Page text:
The next transformation of the energy industry is happening at the fringes—the last mile—placing the traditional, centralized mode of delivering electricity under increasing pressure to adapt. In fact, centralized is no longer the model to power life in the 21st century, as the electrical grids that deliver the energy we use are evolving to a de-carbonized core and distributed power generation at the edge of the network. Reliable and renewable power at the fringe are required to support the re-definition of our modern life brought about by our mobile phones, smart homes, electric cars, and the Internet of Things (IoT).
The edge does not need to be dark.
The energy transformation that acclaimed futurist Jeremy Rifkin referred to in his 2011 book The Third Industrial Revolution is here. The edge of the network played a key role in his vision for our industry. In his book Rifkin wrote, “Millions of buildings will become power plants that will load renewable energy.” This future is here. Technological innovations such as Tesla’s Solar Roof, home wind electric systems, and Hydrogen 2.0 will all serve to further drive transformation at the edge, which will help our environment, benefit consumers, and reshape utilities.
Our challenge is not whether to make it happen or not (this new way to power our life is upon us), but to devise a business model for generating energy at the edge of the electric grid that makes sense for consumers, alternative energy companies, and utilities. When it comes to understanding the mechanics and cost drivers of receiving electricity at home, it helps to look at an analogous way in which the telecommunications industry delivers media to people. In fact, it was the telecommunications industry that coined the term ‘last mile’ to refer to the “final leg of the telecommunications networks that deliver telecommunication services to retail end-users (customers),” as Wikipedia puts it. People use the term to allude to the cost and effort of connecting individual homes and businesses to the telecom network, which was literally done by laying the ‘last mile’ of wire that went from the street poles (the network) to the home.
Energy Variability and the Grid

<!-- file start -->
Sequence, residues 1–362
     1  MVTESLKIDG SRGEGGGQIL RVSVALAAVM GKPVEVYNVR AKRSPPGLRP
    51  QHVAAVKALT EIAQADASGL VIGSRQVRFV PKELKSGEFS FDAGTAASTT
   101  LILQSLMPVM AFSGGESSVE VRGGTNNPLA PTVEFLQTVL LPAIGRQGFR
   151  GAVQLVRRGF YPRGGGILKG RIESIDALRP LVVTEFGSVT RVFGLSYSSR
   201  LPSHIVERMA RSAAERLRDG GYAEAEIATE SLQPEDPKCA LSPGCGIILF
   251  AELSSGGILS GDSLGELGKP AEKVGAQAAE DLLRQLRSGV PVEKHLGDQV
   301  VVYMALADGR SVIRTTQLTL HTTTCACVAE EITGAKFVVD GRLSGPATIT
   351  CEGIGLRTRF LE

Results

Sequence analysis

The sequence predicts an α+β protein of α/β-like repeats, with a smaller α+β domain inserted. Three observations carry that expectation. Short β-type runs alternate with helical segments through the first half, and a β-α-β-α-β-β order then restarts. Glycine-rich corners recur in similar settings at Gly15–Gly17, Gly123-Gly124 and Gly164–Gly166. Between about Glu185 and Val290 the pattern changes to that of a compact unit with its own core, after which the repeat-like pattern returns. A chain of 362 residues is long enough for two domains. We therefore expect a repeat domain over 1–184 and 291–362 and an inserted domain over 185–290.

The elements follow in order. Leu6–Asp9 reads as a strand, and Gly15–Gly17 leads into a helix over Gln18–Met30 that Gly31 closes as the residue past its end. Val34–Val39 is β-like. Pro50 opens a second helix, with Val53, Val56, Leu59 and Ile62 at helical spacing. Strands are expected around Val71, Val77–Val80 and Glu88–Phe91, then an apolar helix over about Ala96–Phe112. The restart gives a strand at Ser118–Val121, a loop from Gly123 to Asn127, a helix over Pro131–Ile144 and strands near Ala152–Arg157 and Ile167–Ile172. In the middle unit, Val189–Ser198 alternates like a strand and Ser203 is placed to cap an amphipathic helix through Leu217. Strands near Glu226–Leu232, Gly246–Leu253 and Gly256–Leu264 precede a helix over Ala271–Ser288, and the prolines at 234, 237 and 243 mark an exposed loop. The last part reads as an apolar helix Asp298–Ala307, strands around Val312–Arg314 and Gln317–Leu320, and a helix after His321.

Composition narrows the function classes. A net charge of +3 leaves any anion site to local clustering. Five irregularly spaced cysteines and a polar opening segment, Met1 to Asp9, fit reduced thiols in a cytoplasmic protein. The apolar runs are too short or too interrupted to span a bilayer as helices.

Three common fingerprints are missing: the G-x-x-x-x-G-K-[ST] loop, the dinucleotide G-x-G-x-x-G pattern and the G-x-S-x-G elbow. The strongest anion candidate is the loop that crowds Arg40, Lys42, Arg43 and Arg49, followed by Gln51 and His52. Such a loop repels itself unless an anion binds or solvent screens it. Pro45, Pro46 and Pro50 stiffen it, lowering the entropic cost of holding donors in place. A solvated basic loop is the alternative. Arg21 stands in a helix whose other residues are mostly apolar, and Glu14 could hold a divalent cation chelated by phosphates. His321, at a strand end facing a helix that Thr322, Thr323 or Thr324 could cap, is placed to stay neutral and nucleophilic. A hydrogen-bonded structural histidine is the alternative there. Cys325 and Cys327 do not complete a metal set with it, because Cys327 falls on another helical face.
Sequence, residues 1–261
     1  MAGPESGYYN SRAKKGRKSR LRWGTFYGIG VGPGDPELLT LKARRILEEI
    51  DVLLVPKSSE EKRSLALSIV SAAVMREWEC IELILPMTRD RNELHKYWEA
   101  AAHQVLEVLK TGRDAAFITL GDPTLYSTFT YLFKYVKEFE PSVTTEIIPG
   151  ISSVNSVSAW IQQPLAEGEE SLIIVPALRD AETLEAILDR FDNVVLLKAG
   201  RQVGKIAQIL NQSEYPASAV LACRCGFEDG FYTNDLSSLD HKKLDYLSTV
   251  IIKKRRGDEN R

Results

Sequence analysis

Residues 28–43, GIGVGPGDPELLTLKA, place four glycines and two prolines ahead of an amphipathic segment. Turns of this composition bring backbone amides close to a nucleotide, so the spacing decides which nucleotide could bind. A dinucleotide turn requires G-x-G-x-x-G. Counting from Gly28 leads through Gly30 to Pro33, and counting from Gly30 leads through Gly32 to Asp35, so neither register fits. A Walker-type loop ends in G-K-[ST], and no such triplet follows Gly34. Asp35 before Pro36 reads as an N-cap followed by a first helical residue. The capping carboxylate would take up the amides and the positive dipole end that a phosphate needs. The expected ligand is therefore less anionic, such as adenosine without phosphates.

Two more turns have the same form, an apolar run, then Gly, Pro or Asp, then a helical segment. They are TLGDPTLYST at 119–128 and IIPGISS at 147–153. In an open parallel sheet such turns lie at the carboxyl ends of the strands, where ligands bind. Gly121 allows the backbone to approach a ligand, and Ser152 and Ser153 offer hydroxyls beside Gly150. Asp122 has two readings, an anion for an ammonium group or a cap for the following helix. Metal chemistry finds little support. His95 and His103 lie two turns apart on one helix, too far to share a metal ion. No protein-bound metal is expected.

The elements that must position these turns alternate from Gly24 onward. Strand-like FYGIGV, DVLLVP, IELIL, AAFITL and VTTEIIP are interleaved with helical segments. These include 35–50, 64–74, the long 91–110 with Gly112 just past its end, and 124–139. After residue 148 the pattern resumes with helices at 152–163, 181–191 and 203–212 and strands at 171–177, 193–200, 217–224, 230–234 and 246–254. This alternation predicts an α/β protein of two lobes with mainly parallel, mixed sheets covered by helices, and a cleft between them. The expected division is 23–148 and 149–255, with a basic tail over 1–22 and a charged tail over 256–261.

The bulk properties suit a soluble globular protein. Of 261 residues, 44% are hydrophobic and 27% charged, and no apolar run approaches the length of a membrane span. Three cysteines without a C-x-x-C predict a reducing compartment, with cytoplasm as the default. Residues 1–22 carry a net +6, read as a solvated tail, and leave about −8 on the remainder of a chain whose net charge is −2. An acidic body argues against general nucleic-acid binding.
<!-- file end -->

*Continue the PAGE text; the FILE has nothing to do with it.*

One of the least understood ballot issues in Florida’s election last November was related to the understanding of how the electricity grid works. It related to the ability of companies to raise utility fees for users of solar panels. The day after the election, The Miami Herald wrote, “Utilities see solar as a threat to their traditional energy distribution system.” The issue, however, goes deeper than just a threat to the status quo way of doing things. It is a fundamental business model problem that we must collectively solve.
A week after the Miami Herald article, we wrote in this blog that users of solar panels expect lower energy charges from their utilities; after all, they are supplying part of their own power. The main issue with solar panels is that they do not provide power 24/7. When the sun goes down, unless they use a battery bank (i.e. Tesla Wall), consumers need the grid to get electricity. Maintaining the grid is expensive. If too many households and businesses go off the grid for a portion of the day, it cannot simply shrink. The cost of maintaining it remains the same whether we use it for a portion of our power or all of it.
What to do? When it comes to the use of wind and solar, utilities were the early adopters. They installed huge wind and solar farms to feed electricity into the grid, just like they do with coal, natural gas, and hydroelectric power. The next step for these early adopters is to adapt their model, and their network, from traditional, centralized energy delivery to one that combines central and distributed (local) power generation (as the latter is a wave that can’t be stopped). While utilities in the U.S. and around the world are concerned by the financial implications of changes now underway, there is no intrinsic reason why consumers and energy providers cannot cooperate. The key is to embrace technology at the edge and allow the consumer premises to be an extension of the utility, which is exactly the concept Rifkin talked about when he referred to buildings becoming power plants.